The first decision of the Board involved Permit 6748, held by the CVS in Raeford, North Carolina. At the Raeford CVS, on 15 April 1998, Jacqueline Buller tendered a prescription for Cortisporin Opthalmic Solution and was erroneously dispensed Neo/Polymyxin Ear Solution the next day. The pharmacist on duty that day (Walter Coley) worked from 9:00 a.m. to 9:00 p.m. andfilled 288 prescriptions. He had been licensed for twenty-five to thirty years and never previously been the subject of complaints or disciplinary action. The Board ordered the following: 1) a reprimand of CVS; 2) that CVS “shall not allow pharmacists to dispense prescription drugs at such a rate per hour or per day as to pose a danger to the public health or safety;” 3) that CVS submit a written statement to the Board signed by the current pharmacists that they have read and understand the patient counseling rule.
    The second decision involved Permit 6799, held by the CVS in Wake Forest, North Carolina. At that CVS, on 8 November 1999, Linda Barlow tendered a prescription for methotrexate 2.5mg to Pharmacist Randy Ball and was erroneously dispensed amitriptyline 25mg. On 18 October 1999, Pharmacist Ball erroneously dispensed 48 units of prednisone 5mg and 48 units of prednisone 10mg in a 10mg box on a prescription for prednisone 5mg. Pharmacist Ball was the only pharmacist on duty on 18 October, when he filled 347 prescriptions during a twelve hour shift, and was one of two pharmacists on duty on 8 November, when 328 prescriptions were filled (he filled approximately 162). He had been licensed for ten to fifteen years with no prior complaints or disciplinary action. The Board ordered: 1) that CVS be cautioned regarding its “failure to comply with the Board's patient counseling rule;” 2) that CVS's permit be suspended for one day, which order was suspended for three years on condition that:
        a) . . . [CVS] shall not allow pharmacists to dispense prescription drugs at such a rate per hour or per day as to pose a danger to the public health or safety.        b) [CVS] shall submit to the Board . . . a written statement signed by the current pharmacists . . . [that they have read and understand the] . . . patient counseling rule[.] . . .
        c) [CVS] shall comply with the laws governing practice of pharmacy . . . .
        d) [CVS] shall comply with the regulations of the Board.

    The third decision involved Permit 6559 in Burlington, North Carolina. On 30 October 1999, Dee Snow tendered a prescription for penicillin vk 250mg and was erroneously dispensed albuterol sulfate 2mg. Pharmacist A. Broughton Sellers, Jr. was on duty on 30 October from 8:00 a.m. to 3:00 p.m., when he dispensed 215 prescriptions. The Board gave CVS a reprimand in that case.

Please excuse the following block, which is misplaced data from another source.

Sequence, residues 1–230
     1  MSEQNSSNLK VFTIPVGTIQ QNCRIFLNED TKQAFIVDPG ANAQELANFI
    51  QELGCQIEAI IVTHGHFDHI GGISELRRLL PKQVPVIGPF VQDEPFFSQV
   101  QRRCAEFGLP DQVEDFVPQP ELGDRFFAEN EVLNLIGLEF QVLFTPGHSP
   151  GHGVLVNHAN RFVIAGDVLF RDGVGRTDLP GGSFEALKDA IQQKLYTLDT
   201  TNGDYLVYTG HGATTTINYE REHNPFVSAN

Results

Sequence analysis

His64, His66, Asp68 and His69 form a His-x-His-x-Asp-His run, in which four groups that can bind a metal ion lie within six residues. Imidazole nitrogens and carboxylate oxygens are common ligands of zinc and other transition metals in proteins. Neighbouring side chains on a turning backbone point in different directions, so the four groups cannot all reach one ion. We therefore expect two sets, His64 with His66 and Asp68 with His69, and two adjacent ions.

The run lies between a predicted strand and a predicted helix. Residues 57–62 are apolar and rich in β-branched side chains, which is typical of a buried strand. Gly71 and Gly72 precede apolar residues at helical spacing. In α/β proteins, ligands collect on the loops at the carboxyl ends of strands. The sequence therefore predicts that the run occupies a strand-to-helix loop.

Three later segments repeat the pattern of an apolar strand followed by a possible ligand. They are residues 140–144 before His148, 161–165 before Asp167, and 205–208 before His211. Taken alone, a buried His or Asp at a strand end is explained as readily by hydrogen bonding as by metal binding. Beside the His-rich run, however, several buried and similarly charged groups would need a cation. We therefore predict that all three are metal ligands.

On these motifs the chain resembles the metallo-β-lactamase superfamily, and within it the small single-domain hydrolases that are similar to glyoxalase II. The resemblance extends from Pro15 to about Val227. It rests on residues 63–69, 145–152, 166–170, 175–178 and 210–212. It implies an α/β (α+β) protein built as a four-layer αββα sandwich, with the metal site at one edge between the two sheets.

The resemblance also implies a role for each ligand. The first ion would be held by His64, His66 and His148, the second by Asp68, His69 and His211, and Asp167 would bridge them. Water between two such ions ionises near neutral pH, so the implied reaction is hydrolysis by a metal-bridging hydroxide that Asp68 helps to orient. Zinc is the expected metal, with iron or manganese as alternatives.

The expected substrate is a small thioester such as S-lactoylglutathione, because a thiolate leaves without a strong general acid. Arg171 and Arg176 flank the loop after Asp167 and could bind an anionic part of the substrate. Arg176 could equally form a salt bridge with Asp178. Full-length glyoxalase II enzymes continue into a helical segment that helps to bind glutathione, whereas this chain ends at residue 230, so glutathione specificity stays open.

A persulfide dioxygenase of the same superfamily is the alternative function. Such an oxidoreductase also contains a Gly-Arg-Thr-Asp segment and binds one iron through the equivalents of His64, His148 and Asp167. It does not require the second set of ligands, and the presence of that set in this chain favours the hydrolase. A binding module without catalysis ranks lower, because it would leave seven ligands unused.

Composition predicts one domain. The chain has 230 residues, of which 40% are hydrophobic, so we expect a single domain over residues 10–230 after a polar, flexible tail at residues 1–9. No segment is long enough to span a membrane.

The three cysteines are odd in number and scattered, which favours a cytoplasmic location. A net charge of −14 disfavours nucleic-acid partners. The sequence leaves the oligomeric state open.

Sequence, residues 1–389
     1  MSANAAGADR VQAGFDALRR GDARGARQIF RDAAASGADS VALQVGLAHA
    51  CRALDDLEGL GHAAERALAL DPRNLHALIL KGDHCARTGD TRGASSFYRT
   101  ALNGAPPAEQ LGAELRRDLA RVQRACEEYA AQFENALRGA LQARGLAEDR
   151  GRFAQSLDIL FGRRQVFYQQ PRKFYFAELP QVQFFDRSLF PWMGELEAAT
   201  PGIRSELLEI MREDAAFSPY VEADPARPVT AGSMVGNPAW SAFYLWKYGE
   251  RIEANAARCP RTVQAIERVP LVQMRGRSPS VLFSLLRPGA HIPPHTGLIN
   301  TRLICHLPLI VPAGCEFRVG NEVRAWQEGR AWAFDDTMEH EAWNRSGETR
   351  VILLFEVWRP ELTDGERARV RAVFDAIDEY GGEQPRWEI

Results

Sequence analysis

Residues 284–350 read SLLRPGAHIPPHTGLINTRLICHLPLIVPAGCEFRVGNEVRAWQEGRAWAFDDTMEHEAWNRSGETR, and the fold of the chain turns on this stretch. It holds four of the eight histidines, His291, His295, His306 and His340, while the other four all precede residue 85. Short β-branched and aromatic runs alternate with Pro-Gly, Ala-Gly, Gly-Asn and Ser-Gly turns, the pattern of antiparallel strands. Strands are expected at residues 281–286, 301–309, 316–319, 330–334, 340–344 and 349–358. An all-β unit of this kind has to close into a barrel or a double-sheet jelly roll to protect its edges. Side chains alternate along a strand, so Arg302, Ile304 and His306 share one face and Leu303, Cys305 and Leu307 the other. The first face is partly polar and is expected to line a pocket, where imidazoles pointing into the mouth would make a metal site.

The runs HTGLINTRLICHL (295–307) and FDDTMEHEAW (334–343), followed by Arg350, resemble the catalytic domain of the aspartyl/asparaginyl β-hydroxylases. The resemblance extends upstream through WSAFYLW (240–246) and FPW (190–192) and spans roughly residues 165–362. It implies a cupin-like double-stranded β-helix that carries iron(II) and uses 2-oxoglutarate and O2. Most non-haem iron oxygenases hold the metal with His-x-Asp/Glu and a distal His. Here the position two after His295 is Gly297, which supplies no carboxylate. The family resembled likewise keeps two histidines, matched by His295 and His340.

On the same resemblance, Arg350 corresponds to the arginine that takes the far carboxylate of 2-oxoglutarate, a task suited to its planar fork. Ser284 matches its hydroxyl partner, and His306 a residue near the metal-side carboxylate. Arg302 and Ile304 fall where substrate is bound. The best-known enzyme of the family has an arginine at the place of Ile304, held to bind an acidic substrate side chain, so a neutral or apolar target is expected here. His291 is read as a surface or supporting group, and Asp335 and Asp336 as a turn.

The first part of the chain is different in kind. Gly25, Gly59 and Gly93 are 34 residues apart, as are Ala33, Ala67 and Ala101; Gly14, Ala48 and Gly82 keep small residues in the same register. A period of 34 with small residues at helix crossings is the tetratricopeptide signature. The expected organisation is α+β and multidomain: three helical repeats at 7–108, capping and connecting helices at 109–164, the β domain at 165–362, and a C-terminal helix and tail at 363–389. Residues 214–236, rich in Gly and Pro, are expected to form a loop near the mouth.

On 19 March 2001 the Board of Pharmacy entered final decisions in all three cases, as noted above. CVS filed a petition for judicial review in the superior court on 19 April 2001. The superior court, considering all three cases together, heard arguments in open court, reviewed the entire record, and affirmed the Board of Pharmacy. The petitioner now brings this appeal.

I.
    [1] We first determine the proper standard of review. The North Carolina Administrative Procedure Act, N.C. Gen. Stat. § 150B-1 et seq., governs both superior court and appellate court review of administrative agency decisions. Eury v. N.C. Employment Security Comm., 115 N.C. App. 590, 446 S.E.2d 383 (1994). N.C. Gen. Stat. 150B-51 governs the scope of the Superior Court's review of final agency decisions. N.C. Gen. Stat. § 150B-51(b), as amended effective 1 January 2001, provides:
        (b) Except as provided in subsection (c) of this section, in reviewing a final decision,the court may affirm the decision of the agency or remand the case to the agency or to the administrative law judge for further proceedings. It may also reverse or modify the agency's decision, or adopt the administrative law judge's decision if the substantial rights of the petitioners may have been prejudiced because the agency's findings, inferences, conclusions, or decisions are:
            (1) In violation of constitutional provisions;
            (2) In excess of the statutory authority or jurisdiction of the agency;
            (3) Made upon unlawful procedure;
            (4) Affected by other error of law;
            (5) Unsupported by substantial evidence admissible under G.S. 150B-29(a), 150B-30, or 150B-31 in view of the entire record as submitted; or
            (6) Arbitrary, capricious, or an abuse of discretion.

N.C. Gen. Stat. § 150B-51 (2003).
    According to the language in 150B-51, the standard of review by the superior court seems to be unchanged in a case like this one, which has not first been heard by an Administrative Law Judge. Our appellate review of the superior court, however, is governed by 150B-52, which provides: “The scope of review to be applied by the appellate court under this section is the same as for other civil cases.” This language was previously construed by the case of Tay v. Flaherty, 90 N.C. App. 346, 368 S.E.2d 403 (1988):